Same Old Ball Coach Keeps the Media Laughing

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Same Old Ball Coach Keeps the Media Laughing

Steve Spurrier
Photo: Greg Poole/Bulldawg Illustrated
HOOVER, Ala. – He’s the same old ball coach  he’s always been and, as usual, South Carolina head coach Steve Spurrier kept the members of the press chuckling in his presentation Tuesday at SEC Media Days here Tuesday morning.


Spurrier and the Gamecocks are coming off a frustrating 7-6 season in 2014 and only a 24-21 victory over Miami in the Independence Bowl saved South Carolina from just the second losing season in Spurrier’s 25-year collegiate coaching career.


From that team, the Gamecocks return just four offensive starters and will again be breaking in a new quarterback, along with six returning defensive regulars.


“A lot of familiar faces out there after a lot of years coming to this event,” Spurrier began his talk. I figured a bunch of you guys would have retired by now. (Laughter). Just kidding. Good to be here.

Good to be back. We’ve got a good team at South Carolina ready to go this year. We had a little bit of a

struggle in the middle of last season. As most of you know, we lost four out of five in the middle of the year, and it looked like we were definitely heading for a losing season, but really proud of the team, the players, everyone involved with the team. We won three of the last four. Somehow or another, won a game down in The Swamp, very fortunate, and then beat Miami in a bowl game. So we got rejuvenated. We got new life.


“We were 7-6, same as Tennessee and the same as Arkansas,” quipped Spurrier, “and I think they’re sort of celebrating big seasons last year. So we were celebrating also. We were doing some cartwheels and high fiving after that Independence Bowl game because it was a year that could have gone real south, and guys hung in there and somehow or another found a way to win the game.


“Got a new coach, John Hoke. John was with me in Florida in 2001, 14 years ago. We led the SEC in total defense and in scoring defense that year.”


With the loss of Dylan Thompson to graduation, Spurrier will be selecting his new quarterback starter from the likes of sophomore Connor Mitch, junior walk-on Perry Orth, redshirt freshman Michael Scarnecchia. Mitch seemed to be the leader after the conclusion of spring drills but Spurrier isn’t handing him the job just yet.


“No, it hasn’t been resolved,” he said. “We’ve had three that rotated around during spring practice, and statistically in the spring game, they’re very even. Percentage-wise, about the same, yards, touchdowns, all that. So we’re going to keep competing during preseason practice. We’ve got a month before the first game. So we should be able to figure out who can play the best. Connor Mitch, good player. Perry Orth, Michael Scarnecchia. And we’ve got a freshman kid, Lorenzo Nunez, excellent runner, pretty good passer also. I know you can’t get four ready to play, but we’ll have maybe some plays for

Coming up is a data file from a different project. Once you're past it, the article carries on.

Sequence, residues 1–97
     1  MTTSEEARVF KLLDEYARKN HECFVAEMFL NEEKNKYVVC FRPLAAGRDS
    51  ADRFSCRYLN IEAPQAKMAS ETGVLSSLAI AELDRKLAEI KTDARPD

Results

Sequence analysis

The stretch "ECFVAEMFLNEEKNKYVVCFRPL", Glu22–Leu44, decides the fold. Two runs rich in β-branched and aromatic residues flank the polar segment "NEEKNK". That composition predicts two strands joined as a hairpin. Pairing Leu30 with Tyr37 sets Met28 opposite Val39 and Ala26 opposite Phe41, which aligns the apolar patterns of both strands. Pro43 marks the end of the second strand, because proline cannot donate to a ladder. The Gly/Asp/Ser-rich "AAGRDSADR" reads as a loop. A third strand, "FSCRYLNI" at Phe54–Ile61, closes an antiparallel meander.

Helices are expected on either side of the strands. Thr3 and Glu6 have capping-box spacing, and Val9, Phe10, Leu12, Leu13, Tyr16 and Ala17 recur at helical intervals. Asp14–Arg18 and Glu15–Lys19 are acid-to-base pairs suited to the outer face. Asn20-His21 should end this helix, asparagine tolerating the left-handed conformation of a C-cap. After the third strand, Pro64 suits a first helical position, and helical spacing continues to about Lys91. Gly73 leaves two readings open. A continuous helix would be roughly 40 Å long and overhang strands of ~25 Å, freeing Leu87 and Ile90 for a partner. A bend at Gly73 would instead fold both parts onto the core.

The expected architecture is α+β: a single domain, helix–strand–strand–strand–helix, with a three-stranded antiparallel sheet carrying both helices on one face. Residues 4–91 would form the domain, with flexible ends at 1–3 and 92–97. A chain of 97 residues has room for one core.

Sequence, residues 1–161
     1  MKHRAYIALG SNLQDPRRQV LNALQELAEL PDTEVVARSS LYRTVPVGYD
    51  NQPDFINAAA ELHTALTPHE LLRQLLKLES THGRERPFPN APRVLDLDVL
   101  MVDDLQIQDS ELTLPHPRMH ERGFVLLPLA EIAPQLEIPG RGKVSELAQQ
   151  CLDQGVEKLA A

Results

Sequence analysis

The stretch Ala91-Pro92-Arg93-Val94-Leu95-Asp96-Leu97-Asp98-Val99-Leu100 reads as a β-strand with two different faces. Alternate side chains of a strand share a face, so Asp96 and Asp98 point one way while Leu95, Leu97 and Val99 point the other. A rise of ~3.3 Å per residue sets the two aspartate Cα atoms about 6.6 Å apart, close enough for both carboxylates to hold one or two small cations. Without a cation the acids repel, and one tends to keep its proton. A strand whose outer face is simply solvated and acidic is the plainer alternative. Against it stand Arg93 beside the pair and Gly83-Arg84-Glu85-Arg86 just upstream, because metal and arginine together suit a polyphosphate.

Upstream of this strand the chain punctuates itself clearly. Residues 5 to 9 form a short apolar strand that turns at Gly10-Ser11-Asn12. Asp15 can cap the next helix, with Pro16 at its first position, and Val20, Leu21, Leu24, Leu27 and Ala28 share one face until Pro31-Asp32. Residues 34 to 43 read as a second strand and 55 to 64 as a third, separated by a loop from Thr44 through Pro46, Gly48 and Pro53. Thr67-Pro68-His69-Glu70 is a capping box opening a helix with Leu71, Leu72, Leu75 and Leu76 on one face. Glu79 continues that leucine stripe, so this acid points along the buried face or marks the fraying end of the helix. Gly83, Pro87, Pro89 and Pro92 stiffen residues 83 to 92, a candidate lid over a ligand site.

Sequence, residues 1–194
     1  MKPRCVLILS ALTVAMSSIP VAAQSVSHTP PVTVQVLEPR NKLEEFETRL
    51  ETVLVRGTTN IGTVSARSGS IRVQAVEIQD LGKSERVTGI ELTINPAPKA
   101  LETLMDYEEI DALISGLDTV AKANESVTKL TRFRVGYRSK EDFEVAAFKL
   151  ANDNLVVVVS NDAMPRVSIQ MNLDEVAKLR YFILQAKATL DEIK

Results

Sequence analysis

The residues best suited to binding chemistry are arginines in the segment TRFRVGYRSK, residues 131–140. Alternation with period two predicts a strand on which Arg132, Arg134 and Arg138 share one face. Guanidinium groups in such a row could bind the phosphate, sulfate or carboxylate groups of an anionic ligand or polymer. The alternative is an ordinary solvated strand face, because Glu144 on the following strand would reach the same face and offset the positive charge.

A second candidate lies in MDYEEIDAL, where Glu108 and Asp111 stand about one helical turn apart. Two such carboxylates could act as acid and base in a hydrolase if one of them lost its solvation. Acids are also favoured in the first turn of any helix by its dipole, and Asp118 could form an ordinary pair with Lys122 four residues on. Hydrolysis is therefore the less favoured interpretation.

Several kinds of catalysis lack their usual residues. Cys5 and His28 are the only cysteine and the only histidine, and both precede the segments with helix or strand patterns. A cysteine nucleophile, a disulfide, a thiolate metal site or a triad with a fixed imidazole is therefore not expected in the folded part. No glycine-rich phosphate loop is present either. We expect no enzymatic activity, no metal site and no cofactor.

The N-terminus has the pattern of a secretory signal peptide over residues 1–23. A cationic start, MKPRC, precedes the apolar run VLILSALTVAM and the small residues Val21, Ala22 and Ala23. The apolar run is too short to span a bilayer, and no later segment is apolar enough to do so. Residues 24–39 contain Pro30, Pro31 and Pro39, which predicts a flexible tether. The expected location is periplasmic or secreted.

Lorenzo Nunez and the other guys. I’ve been a coach to play two quarterbacks. I think you all know that. And you can win with two.”


The Gamecocks must also shore up a shaky 2014 defensive unit that gave up a whopping 36.8 points per game in SEC contests.


“Getting John Hoke there is, I think, going to really be helpful,” said Spurrier. “We’ve got good coaches, but for whatever reason, we just didn’t communicate. We can play a lot better defensively, and I think everybody’s going to see that this year. So that’s given all of us, I think, an extra life there at South Carolina.”


One position Spurrier doesn’t have any worries at is wide receiver where All-SEC first teamer Pharoh Cooper returns. The 5-11, 208-pound junior had 69 catches for 1,136 and nine touchdowns last season, ran for two and also threw for two as a Wildcat quarterback.


“We call him the South Carolina Pharoh, not the American Pharaoh, South Carolina Pharoh,” smiled Spurrier. “But he’s a really good player. He can play receiver, shotgun, quarterback, throw, run. He’s really an All-American type player.”